For adults the picture is more complex. Generally young adults with tumours in or near the central nervous system should be prioritised for the same reason as children. Chordomas, chondrosarcomas and ocular tumours that need external radiation therapy are considered to be relatively well-established indications for particle therapy (9, 10). In the case of sinonasal cancer, a number of studies have been undertaken that compared patient cohorts that have undergone particle and photon therapy. These studies have been included in a meta-analysis which concludes that particle therapy is beneficial for this diagnosis (11).
It has been estimated that the abovementioned established indications account for approximately 15 % of all particle therapy patients (12). For the remaining 85 % the indications are less certain. This group includes diagnoses such as lung cancer, breast cancer, prostate cancer, gastrointestinal cancer, gynaecological cancer, and cancer of the head and neck.
A paucity of randomised trials
Despite the fact that particle therapy has been in clinical use since the 1950s, few results from randomised trials are available (13). For many years attempts have been made to undertake such trials using proton therapy, but the results have not been forthcoming, presumably because it has proved difficult to recruit enough patients (14). There may be several reasons for this. The treatment plans for particle therapy most often entail lower radiation doses to normal tissue and a more individually tailored dose distribution to the tumour than is possible with photons. It may therefore be difficult to convince patients that there is genuine uncertainty related to the choice between particle and photon therapy. Another consideration is that the majority of proton therapy centres have been located in the United States, where the insurance companies do not cover treatment given as part of clinical trials.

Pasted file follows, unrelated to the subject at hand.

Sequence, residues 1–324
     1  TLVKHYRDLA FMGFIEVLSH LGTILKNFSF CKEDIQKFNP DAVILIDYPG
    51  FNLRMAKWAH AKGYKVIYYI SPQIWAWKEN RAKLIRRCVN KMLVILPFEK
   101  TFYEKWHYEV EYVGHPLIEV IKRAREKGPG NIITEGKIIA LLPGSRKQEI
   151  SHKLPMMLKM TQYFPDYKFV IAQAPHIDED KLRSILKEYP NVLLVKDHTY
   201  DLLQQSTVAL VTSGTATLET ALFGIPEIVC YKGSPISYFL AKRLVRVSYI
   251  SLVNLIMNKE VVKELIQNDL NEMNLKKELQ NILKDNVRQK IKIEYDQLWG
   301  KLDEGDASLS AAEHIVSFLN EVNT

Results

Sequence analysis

An interesting question relates to whether there would have been any interest in measuring the clinical difference between particle and photon therapy in randomised trials if the two modalities had cost the same amount. Particle therapy is around three times more costly, however (13), and thus randomised trials are called for that demonstrate clinical gains. In future years, results from these types of studies will finally be available (13). It is worth mentioning that the issue is nothing new in the field of radiation therapy. Over a period of many years, new technology has been introduced (for example linear accelerators, radiation therapy based on CT imaging, intensity-modulated radiation therapy (IMRT), volumetric modulated arc therapy (VMAT) and stereotactic radiation therapy), with almost no basis in randomised trials. Nevertheless, based on retrospective comparisons of therapeutic outcomes we know that these have provided improvements in treatment (15).
In the absence of definitive results from randomised trials, so-called model-based selection constitutes an alternative strategy (16). When both proton and photon treatment plans are prepared for patients who do not fall within the standard indication group, it is shown that for some of these patients, the photon plan is almost as beneficial as the proton plan. Mathematical models have been developed that may assist in deciding which plan is most suitable. This applies particularly to prediction of the risk of adverse effects (Normal Tissue Complication Probability, NTCP). A study from the Netherlands on oropharyngeal cancer showed, for example, that half of the patients would be selected for proton therapy if the goal was to reduce the incidence of dysphagia (grade 2) as a side-effect of radiation therapy (17). The NTCP models can therefore be used as a tool for patient selection. Patients who receive proton and photon therapy should be followed up in order to measure the actual frequency of adverse effects. This can be transferred back to the NTCP models so that these are continuously improved and the accuracy of patient selection is enhanced.
Introduction of proton therapy in Norway
After many years of planning, the medical community now faces the tangible introduction and establishment of proton therapy in Norway in 2023. It is a prerequisite that the introduction of this treatment modality should form part of the international effort to increase knowledge regarding proton therapy. There should be equal access to proton therapy throughout the country, and equal access to the related research facilities must be ensured. This represents a pleasing extension to the treatment programme for Norwegian cancer patients.